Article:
large government? small government?

I see an interesting thing happening at the moment. All the people complaining the loudest, publicly, about their “big government”, as they coin, are really bitter opponents of the health care reform movement. As the democrats presented a referendum to Bush Jr., in the form of our current president, now some groups are eager to propose a referendum on the humanism that was sold to America (in the package of “health care reform legislation”- introduced initially as “Medicare for all”). Still, yet to hear representation for those who have yet to find affordable insurance in America, opponents of this promise made to Americans, won’t now say outright that is what they are opposing or have opposed. It’s much safer to ride the wave against the big, big, big, government with a broad long board. Did you notice that the “big government” label was introduced just as the democrats were victorious in signing the legislation? (By the way, that was favored in public majority). My question is: What did pass exactly? And, why are “tea party” members, as they call themselves, gaining traction now? To answer my own question or yours, it is because they seized the attention of people who fear humanism and lump those people together with those who favor concentration of wealth where it has lied for years.
These “tea party” groups don’t articulate their specific complaints about big government. Do they complain about expansive government intelligence operations? Or, expansive special interest groups and lobby or military incursions into foreign regions? No, they don’t. I haven’t really seen this as their focus. In fact they would probably say they are glad we have a “big government” to supply those goals for them. So, their criticism of “big government” is a device that aims to endear the hearts and minds of, well frankly, pretty sentimental… and outright foolish people.
Some of these leaders in fact might even praise God for the military operations set by the former President and Congress. You might ask them that? They might even tell you (shamelessly) that they support such incursions whole-heart.
And, their “movement” against “big government” was incognito through the two Bush Jr. terms (Nearly eight straight years of war).Why do they speak up now? They didn’t really have a voice until now, but they also found an opportunity.
One thing they do make quite visible, is their referendum to this current president- trying to render him an illegitimate President… suggesting he used false birth documentation to qualify for office. But they haven’t attacked full force, yet. Well, they’re just one referendum. They want to reign in all the opponents of expansive government power that Americans have witnessed in one way or another (last decade), and they want to focus it all in, now, to gain political clout. They seem to forget that private industry failed to meet the affordability level of most Americans, when it comes to health insurance (premiums etc.). In this way they err with Republicans who opposed “Medicare for all”. Using the size of government as a demon, they likely hope to direct the anger of the poor against “big government”. Even though, as a whole, there is no agreement as to where, or in which aspect “big government” is most evil.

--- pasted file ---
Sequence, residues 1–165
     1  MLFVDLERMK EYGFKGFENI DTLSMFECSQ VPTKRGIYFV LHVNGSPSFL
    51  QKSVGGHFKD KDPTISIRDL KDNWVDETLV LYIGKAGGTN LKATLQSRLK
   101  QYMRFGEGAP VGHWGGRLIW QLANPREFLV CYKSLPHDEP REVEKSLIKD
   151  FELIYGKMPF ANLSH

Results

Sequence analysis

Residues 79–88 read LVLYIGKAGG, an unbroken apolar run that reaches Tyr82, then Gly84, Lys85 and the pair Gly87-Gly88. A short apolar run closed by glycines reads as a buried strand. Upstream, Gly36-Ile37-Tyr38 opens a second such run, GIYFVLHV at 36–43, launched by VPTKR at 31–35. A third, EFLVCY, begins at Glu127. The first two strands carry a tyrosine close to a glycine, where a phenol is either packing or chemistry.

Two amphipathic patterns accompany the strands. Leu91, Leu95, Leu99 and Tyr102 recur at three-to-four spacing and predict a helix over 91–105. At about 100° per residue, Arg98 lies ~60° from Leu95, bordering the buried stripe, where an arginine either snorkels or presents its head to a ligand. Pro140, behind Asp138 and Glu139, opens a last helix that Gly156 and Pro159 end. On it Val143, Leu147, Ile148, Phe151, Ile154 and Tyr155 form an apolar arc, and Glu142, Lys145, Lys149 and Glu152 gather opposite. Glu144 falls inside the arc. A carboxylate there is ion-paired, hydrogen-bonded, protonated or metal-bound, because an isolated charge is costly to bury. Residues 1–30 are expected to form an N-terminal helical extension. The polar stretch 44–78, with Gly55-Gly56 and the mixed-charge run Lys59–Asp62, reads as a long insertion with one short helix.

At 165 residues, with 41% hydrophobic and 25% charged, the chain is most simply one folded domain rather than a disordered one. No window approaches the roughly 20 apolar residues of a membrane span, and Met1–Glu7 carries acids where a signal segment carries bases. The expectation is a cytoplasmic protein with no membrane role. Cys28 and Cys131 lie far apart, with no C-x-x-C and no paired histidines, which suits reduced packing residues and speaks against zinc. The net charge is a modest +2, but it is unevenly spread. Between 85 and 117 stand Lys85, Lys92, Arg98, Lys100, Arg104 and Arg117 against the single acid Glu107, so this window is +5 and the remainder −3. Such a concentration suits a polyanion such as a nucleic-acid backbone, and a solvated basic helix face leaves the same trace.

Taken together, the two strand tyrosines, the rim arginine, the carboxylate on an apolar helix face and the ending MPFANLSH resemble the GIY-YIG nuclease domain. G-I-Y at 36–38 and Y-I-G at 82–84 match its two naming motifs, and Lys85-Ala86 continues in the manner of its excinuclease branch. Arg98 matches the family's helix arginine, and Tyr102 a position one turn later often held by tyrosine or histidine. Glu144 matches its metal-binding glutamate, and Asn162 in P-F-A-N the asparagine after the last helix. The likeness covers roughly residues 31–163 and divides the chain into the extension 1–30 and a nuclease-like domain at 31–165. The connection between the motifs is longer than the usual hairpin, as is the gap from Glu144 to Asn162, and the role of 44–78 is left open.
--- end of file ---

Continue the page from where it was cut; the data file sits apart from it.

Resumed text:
Sure, this is political strategy that seems to be working for them. It’s also undermining humanist and more socialist agendas unfortunately.
I just would like to point out that the size of a government doesn’t correlate with the amount of freedom it can promise to itself and its people. Look how little real freedom the people of an island south-east of us have had for decades, and how small its government is. It’s a great history lesson for those who don’t know. And POW’s now “live” there under constant watch within quasi-US territory, on that same island, indefinitely. Well I guess the average Cuban has benefited with great-freedoms, by comparison, compliments of a huge government.
The American electorate must choose its own destiny. That is incumbent on each individual and the collective individuals. I’m just pointing out some obvious political devices that are being used right now.
I’ll look forward to seeing what other parties “say” as they begin to take notice to the “tea party”. As for my party, well it’s not perfect either. [Update 1.20.2014: “Obama-Care” has received much scrutiny, from the “tea party” movement mostly, long after this post was published. What seems to have taken shape is widespread mistrust of what laws exactly are being passed in the healthcare reform. In my view, the “tea party” has a right to bawk. In my view, humanism in the laws, has fallen short of original intent, as those who cannot afford premiums are left behind. However, it does appear that something positive has evolved since this post: “Medicaid” may be receiving the financial support it needs in providing healthcare to those who cannot afford. That is good, because enlisting in healthcare is now a requirement that is otherwise punishable by a fine. And, since January 1, 2014, companies (it appears) are prohibited from turning away enrollees based on pre-existing medical conditions that they have.]

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